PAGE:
Sango Wildlife Conservancy is a low-risk malaria area. The area enjoys a lovely and mild spring-like climate from April to October, and a hot rainy seasons in November/December and January.
Most frequent questions and answers
Sango is a year-round destination. The dry winter season (May to October) is especially good for game-viewing. The temperatures are mild with little to no rainfall, and there is a lower malaria risk. Summer occurs from October to April and can be characterized as having sunny mornings with some showers in the afternoon.
A visa is required to enter the country as a tourist. Currently, one can be acquired upon arrival at airports or border crossing in a single or multi-visit format. A valid passport is mandatory and it must be valid for a further six months.
Many languages are spoken, or historically have been spoken, in Zimbabwe. Since the adoption of its 2013 Constitution, Zimbabwe has 16 official languages, namely Chewa, Chibarwe, English, Kalanga, Koisan, Nambya, Ndau, Ndebele, Shangani, Shona, sign language, Sotho, Tonga, Tswana, Venda, and Xhosa.
The tap water is generally NOT safe to drink anywhere in Zimbabwe. Bottled water or filtered water at all Sango locations on Sango is guaranteed safe to drink.
If visiting the Zambezi valley and Victoria Falls, you will require antimalarials all year round. Sango and all other areas below 1200 metres are at risk from November to June. The risk is slight in Sango because there are only a few swamps far away from the locations where you will be staying. But remember to take preventive measures against getting bitten. Because of the risk of malaria, antimalarials are advised if visiting Zimbabwe.
Take a walk through the African bush on a guided tour for a real adrenaline rush – sometimes the simple things are the most exciting! To everyone who joins us on a bush walk we guarantee unforgettable goose bumps and a feeling of freedom that is only possible in Africa.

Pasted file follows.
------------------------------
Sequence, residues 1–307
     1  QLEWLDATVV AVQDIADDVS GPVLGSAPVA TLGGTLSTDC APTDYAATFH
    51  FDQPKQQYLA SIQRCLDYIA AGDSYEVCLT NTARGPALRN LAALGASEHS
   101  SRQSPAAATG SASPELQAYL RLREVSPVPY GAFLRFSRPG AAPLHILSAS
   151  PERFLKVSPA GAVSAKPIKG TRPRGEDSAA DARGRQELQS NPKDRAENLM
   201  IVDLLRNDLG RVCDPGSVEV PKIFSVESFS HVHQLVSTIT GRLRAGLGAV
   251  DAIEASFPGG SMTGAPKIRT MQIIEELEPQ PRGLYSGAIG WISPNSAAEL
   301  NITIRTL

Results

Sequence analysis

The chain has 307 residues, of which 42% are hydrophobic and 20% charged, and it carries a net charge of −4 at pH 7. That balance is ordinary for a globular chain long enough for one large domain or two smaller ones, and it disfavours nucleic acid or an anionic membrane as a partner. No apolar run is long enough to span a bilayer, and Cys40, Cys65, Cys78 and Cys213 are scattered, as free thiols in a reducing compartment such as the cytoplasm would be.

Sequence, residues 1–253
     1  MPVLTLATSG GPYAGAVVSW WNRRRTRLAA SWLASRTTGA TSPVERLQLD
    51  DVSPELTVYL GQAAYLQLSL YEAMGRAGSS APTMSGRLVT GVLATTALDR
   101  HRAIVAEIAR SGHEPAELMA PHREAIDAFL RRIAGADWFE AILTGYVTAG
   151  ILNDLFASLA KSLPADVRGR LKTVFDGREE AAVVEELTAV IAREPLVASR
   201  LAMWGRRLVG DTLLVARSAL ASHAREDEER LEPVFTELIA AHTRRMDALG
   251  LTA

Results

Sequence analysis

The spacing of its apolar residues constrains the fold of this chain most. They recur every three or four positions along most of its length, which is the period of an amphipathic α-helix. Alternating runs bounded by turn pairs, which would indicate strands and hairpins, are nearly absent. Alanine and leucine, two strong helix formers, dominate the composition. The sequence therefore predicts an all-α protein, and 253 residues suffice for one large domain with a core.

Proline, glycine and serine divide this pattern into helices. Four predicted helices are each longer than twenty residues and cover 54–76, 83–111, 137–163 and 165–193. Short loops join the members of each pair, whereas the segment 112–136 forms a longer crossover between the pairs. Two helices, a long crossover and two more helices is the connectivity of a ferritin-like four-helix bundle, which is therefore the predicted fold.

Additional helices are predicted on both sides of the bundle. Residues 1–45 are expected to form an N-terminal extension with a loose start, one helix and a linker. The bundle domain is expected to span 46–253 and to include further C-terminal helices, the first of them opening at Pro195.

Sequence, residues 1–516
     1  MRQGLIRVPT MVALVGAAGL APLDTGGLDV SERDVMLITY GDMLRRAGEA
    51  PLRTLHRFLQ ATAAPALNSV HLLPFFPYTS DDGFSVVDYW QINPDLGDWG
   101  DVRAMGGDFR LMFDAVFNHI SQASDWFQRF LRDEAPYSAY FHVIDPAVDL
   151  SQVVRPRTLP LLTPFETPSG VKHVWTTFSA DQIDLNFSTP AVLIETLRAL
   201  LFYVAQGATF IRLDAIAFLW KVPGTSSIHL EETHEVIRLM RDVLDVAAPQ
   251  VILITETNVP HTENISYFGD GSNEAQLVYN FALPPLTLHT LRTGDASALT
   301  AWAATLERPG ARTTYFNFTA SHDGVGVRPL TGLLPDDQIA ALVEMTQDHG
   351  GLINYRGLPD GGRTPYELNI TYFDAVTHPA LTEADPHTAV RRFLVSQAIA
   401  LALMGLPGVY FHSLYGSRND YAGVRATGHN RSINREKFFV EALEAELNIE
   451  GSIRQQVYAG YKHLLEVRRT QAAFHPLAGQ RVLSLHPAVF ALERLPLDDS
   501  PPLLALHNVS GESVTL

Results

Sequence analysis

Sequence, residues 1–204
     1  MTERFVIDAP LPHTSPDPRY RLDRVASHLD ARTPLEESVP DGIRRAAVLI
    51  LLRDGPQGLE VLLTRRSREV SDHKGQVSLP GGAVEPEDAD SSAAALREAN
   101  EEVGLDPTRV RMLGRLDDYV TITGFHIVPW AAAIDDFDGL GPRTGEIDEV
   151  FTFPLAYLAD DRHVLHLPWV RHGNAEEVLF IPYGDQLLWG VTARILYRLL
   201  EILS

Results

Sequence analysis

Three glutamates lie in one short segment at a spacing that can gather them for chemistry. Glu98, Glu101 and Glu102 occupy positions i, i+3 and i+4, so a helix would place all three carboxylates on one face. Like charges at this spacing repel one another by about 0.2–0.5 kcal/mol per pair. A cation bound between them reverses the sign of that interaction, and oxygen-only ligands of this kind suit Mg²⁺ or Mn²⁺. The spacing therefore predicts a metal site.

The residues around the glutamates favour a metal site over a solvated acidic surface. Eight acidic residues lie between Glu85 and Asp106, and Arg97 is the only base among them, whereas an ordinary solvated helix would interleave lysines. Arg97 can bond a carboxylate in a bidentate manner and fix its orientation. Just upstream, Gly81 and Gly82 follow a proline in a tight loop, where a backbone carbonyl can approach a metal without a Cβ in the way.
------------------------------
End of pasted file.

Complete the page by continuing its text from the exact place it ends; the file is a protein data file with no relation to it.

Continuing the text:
Zimbabwe uses 220-240 Volts, 50Hz electricity. They use type D and G power sockets, similar to those used in Britain. On Sango we will provide you with all adapters needed during your stay.
Relaxed clothing is best, as is cotton. It is best to bring 3-4 outfits and use our free laundry services to keep re-wearing the same clothes. Underwear however should be packed for your entire stay. Clothing that covers most of your body is also best, to help protect from the sun as well as mosquitoes. Comfortable walking shoes are also must. A more complete packing list will be sent to you after confirming your visit.
With the removal of the Zimbabwean Dollar in 2009, the country has adopted a multi-currency system, with the US Dollar being the most widely used. Hard currencies such as US Dollars, GBP Sterling, Euros and South African Rand are accepted widely and you are encouraged to carry small denominations for ease of trade. Though credit cards are generally not accepted as a form of payment, there are some hotels that will – Visa is most widely accepted, while MasterCard and American Express are less so.